"Spending billions to extend the life of thousands of Cold War nuclear warheads is a colossal waste of taxpayer dollars. The government could keep a small fraction of those weapons in the stockpile and spend the rest of the money to make the world safer by eliminating nuclear threats."

The programs that Paine focuses on are part of the stockpile stewardship program, which is supposed to guarantee a safe and reliable nuclear weapons stockpile in absence of full scale underground testing. Such testing is prohibited by the Nuclear Nonproliferation Treaty.

But the Bush administration is getting ready to undertake nuclear testing in the near future. In the 2004 National Defense Authorization Act Conference Report, it states, "Commencing not later than October 1, 2006, the Secretary of Energy shall achieve, and thereafter maintain, a readiness posture of not more than 18 months for resumption by the United States of underground tests of nuclear weapons."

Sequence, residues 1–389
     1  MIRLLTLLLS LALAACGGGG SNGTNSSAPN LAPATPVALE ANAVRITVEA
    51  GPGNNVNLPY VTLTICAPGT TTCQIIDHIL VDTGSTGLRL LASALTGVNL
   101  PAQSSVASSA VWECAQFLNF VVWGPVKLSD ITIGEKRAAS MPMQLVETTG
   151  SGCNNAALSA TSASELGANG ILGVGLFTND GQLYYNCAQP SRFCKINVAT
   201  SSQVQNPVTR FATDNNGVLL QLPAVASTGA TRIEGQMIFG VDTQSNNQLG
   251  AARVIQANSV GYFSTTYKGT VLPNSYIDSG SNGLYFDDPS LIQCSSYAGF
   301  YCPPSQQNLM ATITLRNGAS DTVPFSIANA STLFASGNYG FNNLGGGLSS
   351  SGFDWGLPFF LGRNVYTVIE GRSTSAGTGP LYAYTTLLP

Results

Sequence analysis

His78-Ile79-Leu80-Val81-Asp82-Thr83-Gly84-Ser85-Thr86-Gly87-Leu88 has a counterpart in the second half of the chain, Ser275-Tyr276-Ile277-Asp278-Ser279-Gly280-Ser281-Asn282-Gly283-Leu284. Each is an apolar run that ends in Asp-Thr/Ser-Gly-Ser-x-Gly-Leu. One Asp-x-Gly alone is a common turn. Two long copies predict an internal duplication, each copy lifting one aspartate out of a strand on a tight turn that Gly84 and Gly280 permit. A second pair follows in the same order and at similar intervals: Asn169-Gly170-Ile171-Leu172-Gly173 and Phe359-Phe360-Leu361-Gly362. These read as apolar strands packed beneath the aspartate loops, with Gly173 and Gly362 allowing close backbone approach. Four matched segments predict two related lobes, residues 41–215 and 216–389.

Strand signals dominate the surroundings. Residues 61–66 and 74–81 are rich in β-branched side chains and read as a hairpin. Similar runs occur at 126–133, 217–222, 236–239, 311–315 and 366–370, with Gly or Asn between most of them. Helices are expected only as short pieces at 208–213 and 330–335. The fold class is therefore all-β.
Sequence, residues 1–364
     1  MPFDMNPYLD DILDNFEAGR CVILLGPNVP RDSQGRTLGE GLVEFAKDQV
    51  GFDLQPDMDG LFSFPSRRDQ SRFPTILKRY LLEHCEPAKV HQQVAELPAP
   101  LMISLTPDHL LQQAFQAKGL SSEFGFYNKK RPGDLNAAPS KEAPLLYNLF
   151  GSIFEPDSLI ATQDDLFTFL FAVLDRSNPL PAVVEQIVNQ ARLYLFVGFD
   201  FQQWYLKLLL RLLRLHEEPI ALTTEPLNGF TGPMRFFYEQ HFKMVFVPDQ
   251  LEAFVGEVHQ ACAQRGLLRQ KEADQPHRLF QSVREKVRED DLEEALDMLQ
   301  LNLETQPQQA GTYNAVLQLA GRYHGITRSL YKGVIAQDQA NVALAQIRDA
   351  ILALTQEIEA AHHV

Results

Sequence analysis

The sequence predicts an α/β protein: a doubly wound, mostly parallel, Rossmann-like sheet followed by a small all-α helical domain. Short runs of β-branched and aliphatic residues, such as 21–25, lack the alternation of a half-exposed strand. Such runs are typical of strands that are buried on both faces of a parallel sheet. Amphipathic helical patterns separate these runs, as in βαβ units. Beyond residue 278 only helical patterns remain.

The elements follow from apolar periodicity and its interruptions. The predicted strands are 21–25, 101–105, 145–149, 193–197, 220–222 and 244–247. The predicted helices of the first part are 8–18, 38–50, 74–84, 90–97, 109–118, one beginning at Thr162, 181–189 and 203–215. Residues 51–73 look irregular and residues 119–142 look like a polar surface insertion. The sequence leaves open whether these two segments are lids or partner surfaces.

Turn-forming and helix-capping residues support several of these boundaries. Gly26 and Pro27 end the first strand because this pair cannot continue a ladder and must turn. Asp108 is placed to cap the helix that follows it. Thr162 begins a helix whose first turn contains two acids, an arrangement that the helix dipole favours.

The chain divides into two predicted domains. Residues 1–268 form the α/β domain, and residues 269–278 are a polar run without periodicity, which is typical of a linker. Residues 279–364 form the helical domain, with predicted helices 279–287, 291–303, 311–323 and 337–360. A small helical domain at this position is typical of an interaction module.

Stockpile stewardship projects located at the three national weapons laboratories - Los Alamos in New Mexico, Lawrence Livermore in California, and Sandia in New Mexico and California - have eaten billions of dollars while producing little of benefit, the NRDC charges.

"DOE has pursued these projects over the past decade with little accountability or oversight, consuming vast sums of money along the way," said Paine. "At a time of record budget deficits, it's time for Congress to take a hard look at these programs and either cancel them outright or cut them back significantly."

During fiscal year 2004, the National Defense Stockpile Manager may obligate up to $69.7 billion of the funds in the National Defense Stockpile Transaction Fund established under the Strategic and Critical Materials Stock Piling Act, including the disposal of hazardous materials that are environmentally sensitive, the 2004 National Defense Authorization Act Conference Report states. Congress authorizes the Manager to spend even more if "extraordinary or emergency conditions necessitate the additional obligations."